Blue Winged Wasp: A biological control for Japanese Beetles

Did you know that most wasp species aren’t aggressive? When we hear ‘wasp’ we tend to think of the aggressive species, living in nests, that swarm us.

Wasp are carnivores, and actually can do a lot to help control pests in our gardens.

Today I saw a blue winged wasp, Scolia dubia, in my yard. It is a non aggressive species that is desirable to have in our yard. It can sting, but only maybe if it is highly threatened.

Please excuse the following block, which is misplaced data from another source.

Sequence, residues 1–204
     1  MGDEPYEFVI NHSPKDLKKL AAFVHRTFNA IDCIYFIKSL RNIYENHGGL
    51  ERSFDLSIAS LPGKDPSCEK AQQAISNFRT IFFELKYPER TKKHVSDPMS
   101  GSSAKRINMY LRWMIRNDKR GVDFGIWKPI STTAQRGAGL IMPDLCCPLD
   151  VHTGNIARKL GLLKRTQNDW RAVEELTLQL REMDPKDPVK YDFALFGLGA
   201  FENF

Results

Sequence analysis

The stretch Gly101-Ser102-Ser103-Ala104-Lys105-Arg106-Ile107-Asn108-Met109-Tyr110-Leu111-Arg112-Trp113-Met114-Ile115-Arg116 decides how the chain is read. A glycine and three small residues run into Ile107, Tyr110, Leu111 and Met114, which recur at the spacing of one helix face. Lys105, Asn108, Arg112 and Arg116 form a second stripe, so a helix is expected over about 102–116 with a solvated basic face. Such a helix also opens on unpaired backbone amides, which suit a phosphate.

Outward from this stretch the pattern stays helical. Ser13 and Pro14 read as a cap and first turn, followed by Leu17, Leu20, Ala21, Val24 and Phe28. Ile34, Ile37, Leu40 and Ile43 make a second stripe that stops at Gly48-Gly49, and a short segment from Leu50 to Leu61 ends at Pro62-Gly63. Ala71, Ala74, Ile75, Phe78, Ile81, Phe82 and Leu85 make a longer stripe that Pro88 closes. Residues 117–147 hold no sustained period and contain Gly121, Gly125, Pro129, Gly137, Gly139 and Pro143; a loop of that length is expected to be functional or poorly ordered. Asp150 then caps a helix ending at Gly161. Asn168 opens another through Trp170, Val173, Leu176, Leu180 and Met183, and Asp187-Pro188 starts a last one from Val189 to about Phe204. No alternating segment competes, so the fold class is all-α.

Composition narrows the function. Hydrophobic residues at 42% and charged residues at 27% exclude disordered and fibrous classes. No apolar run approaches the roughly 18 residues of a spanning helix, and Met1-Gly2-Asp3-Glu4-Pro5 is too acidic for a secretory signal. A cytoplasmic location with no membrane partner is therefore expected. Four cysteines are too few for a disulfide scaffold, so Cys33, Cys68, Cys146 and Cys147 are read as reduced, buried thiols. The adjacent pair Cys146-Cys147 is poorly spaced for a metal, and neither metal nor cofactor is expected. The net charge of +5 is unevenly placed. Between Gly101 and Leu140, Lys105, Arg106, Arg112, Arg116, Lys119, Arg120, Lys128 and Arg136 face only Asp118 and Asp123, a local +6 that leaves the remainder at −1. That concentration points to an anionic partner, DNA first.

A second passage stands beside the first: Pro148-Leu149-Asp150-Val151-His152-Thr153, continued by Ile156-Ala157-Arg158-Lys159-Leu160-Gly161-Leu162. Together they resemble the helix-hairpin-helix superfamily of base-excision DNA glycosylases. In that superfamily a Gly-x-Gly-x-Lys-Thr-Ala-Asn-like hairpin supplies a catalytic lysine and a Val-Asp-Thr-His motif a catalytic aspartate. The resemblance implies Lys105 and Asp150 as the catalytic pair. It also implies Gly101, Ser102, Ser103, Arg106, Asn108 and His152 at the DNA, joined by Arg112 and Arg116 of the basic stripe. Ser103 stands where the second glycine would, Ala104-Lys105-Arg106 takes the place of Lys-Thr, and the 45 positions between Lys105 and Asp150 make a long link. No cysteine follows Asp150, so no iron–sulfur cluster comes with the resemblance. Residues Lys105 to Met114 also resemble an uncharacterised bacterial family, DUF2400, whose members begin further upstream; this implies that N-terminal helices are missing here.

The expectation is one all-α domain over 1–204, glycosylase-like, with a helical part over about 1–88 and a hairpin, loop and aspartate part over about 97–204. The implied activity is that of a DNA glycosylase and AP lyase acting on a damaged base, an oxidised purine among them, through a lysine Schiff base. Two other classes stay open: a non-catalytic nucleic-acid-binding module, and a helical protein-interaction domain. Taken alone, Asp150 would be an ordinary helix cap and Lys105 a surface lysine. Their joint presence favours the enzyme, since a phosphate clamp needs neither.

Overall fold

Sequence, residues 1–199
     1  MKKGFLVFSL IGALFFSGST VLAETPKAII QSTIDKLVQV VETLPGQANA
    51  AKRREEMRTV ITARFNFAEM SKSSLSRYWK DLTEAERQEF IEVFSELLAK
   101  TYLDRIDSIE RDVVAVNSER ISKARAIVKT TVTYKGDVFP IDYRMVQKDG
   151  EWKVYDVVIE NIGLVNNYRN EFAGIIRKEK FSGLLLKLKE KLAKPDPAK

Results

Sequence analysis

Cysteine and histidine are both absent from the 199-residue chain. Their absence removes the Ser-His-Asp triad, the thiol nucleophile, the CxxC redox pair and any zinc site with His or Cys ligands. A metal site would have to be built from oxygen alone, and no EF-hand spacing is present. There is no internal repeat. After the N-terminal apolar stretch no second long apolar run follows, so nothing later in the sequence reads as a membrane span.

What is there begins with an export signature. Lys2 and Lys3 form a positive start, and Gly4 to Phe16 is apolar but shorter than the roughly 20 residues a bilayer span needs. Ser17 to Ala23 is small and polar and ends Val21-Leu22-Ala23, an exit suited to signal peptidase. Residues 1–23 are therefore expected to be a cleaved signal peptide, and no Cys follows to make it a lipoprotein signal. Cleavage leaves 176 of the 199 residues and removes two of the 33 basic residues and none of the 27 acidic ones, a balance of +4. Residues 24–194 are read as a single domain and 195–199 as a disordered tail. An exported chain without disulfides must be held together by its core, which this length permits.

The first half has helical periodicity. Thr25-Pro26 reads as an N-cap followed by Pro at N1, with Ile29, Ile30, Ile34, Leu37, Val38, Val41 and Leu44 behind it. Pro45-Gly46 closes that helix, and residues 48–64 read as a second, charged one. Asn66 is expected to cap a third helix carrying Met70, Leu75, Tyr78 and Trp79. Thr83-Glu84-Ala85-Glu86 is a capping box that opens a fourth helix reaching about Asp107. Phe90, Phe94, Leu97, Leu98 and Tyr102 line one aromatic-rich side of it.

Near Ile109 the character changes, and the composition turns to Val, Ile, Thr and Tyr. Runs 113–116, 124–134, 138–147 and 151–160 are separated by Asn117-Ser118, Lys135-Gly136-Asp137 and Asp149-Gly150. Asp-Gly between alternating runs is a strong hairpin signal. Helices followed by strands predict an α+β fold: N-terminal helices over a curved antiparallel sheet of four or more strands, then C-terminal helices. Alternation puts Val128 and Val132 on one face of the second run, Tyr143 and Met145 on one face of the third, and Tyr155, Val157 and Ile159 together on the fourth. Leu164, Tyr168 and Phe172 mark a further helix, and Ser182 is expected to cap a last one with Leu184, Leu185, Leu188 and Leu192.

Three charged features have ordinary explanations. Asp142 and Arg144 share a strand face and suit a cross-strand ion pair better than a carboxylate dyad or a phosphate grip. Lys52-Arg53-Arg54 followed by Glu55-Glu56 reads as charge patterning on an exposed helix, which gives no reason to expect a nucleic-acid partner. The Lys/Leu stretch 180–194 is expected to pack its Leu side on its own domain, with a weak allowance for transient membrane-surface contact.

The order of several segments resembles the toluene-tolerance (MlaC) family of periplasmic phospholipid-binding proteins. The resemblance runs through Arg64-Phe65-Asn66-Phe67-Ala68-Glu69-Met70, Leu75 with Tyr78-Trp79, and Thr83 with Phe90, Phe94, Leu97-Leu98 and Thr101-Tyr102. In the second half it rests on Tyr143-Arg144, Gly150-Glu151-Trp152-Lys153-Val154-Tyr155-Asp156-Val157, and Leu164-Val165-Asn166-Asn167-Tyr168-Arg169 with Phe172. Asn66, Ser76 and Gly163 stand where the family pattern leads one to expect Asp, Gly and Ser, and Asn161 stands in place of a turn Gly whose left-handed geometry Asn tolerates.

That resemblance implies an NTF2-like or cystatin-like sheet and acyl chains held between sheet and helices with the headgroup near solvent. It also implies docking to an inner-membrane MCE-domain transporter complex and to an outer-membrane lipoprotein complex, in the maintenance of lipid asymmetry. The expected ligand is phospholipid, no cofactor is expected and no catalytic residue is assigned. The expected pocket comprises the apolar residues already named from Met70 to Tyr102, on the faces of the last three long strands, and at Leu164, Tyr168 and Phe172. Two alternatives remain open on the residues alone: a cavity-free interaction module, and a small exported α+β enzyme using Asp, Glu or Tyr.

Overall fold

After reading about it, I learned that the female burrows into soil and lays its eggs on Japanese beetle grubs in the ground, which then eat the grub as the larvae grows and matures.

According to Penn State, this species of wasp especially likes goldenrod and mountain mint, of which I have several large clumps in my yard. So if you’re looking to decrease the Japanese beetle population in your yard, think about planting species of Solidago and Pycnanthemum in your garden.

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